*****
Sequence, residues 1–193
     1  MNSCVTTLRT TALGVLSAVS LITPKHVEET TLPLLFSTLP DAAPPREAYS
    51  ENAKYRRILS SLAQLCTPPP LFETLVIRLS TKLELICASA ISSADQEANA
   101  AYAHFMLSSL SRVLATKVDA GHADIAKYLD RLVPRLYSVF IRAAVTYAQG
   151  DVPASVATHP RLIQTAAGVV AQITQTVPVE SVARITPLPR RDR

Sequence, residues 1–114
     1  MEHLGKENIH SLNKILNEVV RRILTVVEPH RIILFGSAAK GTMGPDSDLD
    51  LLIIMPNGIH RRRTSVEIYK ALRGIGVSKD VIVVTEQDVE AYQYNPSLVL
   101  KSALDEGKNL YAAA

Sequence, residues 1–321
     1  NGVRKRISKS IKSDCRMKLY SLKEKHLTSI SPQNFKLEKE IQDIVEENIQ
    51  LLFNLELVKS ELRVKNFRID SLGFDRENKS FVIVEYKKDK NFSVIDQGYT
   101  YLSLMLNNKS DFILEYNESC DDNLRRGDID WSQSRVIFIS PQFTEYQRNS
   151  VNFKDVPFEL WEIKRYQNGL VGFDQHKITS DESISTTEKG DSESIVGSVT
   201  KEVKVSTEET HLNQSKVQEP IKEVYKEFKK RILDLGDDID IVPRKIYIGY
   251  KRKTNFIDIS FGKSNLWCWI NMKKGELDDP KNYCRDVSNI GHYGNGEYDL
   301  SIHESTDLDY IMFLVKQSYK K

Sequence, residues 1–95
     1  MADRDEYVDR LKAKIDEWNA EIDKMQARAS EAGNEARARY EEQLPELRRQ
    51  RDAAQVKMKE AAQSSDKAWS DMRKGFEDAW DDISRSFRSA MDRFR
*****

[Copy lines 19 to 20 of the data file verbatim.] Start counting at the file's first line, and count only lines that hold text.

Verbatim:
     1  MADRDEYVDR LKAKIDEWNA EIDKMQARAS EAGNEARARY EEQLPELRRQ
    51  RDAAQVKMKE AAQSSDKAWS DMRKGFEDAW DDISRSFRSA MDRFR